Parishville’s SunFeather Soap sold to Utah firm; ‘factory outlet’ to open inside downtown Potsdam store
Saturday, March 12, 2011 - 5:57 am


PARISVHILLE -- The SunFeather Natural Soap Co. has sold its brands and trademarks, but for the time being, production will remain in Parishville, and the deal could lead to a major facility in the Potsdam area.

SunFeather will also be opening a factory outlet at The Carol Lee Shoppe, 69 Market St. in April.

SunFeather owner Sandy Maine has closed the 1551 St. Hwy 72 factory outlet in Parishville to make room for production of private label soaps, so she is pleased there will be a new shop where people can get her products.

After failing to get capital to move into the promising natural products market, Maine accepted an offer from a Utah company, Nutraceutical of Park City, to purchase the natural soap line she has developed over 30 years.

Manufacturers of nutritional supplements sold in health and natural food stores, Nutraceutical “owns about 35 niche-market companies that sell into the natural products market,” Maine said, so they have the resources to market Maine’s products to their established customer base.

“It turned out that a soap line was a priority for them,” Maine said. The company approached her, after speaking with one of her customers about her line of products.

Maine sold the SunFeather brand to them, “and they’re renting my facility to do the production of SunFeather products. They are leasing it for 15 months, with an optional extension of two years. Their ultimate goal is to build an organic and FDA certified production facility to house their body care companies.”

Maine said Nutraceutical told her they would consider the Potsdam area for the new facility, but they were also looking at a Florida location. They will “be considering all factors, including availability of workers, the climate, and things like how friendly New York State is to business.”

“If they build it here, it would provide a lot of jobs,” Maine said.

As for her own enterprise, which began at her kitchen sink in 1979, Maine said it was unfortunate that just at the time when the natural products market seems to be growing – and her customer base of “mom-and-pop gift stores” was declining – she could not persuade lenders to help her penetrate the growing market.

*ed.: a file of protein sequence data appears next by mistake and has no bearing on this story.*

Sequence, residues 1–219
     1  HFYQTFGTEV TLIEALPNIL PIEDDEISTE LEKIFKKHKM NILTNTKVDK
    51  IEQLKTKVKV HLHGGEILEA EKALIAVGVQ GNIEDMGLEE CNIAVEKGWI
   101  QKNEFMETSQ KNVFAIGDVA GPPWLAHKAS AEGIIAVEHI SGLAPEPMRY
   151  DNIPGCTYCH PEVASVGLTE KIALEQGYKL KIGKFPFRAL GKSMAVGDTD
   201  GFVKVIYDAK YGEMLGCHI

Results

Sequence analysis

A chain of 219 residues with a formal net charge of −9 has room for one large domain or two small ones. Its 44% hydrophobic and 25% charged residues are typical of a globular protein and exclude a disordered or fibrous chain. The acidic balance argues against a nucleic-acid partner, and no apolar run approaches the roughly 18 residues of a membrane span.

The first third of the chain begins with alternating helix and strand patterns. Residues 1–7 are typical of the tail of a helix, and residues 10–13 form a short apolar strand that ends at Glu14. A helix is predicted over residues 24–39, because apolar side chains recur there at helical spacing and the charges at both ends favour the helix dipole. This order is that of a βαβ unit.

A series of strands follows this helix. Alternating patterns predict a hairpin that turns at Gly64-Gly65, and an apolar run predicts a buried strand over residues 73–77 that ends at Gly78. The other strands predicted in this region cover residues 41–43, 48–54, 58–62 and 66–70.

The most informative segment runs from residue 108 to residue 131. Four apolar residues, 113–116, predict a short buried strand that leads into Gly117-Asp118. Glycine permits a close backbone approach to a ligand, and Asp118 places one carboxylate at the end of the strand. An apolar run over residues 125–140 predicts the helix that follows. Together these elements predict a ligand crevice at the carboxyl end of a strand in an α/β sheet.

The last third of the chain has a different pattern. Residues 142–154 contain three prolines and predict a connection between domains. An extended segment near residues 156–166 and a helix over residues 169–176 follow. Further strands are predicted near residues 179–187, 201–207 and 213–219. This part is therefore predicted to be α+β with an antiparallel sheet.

Maine said she felt that if lenders had invested, “I probably wouldn’t have had to sell to a conglomerate.”

Just last December, Nutraceutical announced a multi-million dollar increase in their line of credit.

When the economy soured a couple of years ago, Maine had to cut back production and lay people off, as many of the smaller businesses she served went under – 40 percent of them, Maine said.

At the same time, the market for natural products sold in health-food stores and supplement outlets seemed to be growing despite the economic downturn. Maine says she saw this, and tried to get capital to work with.

While her sense of where the market for her quality soaps was going told her to act on the idea, “I had an impossible time trying to move the company into the natural foods market. That’s where I really had to move while the other market was drying up.

“I tried to raise money in the county, but I was not successful.”

She said she is disappointed that while the county Chamber of Commerce and the Industrial Development Agency tried to help, “they were ineffective.”

“It’s not because the company didn’t have potential. It obviously does, or Nutraceutical wouldn’t have bought the brand. The potential is huge.”

Maine said she would like to see a more effective mechanism for investing in “a local business that might not have souped-up financials. When a community doesn’t invest in local business that can grow, this is what happens.”

She made reference to a visit several years ago by economist Michael Shuman, who “spoke on this exact topic – how important it is to invest in local business, make it as strong as possible, to make the best chance to increase local employment.”

Maine said that after a dip in business, “we actually had an upbeat year in 2010, but we still didn’t have the money to move into that market.”

So Nutraceutical has signed Maine on as a consultant, and will keep production where it is for now, “but I’ve lost control of what the future of SunFeather is. If they want to move production, I have no say.

“I tried to talk them into investing in us and distributing our products, but they don’t work that way.”

She has also agreed not to compete with them in the soaps market for two years. “They wanted four years.”

So when the “non-compete” agreement expires in two years, “I’ll take a look at it and see where we stand.”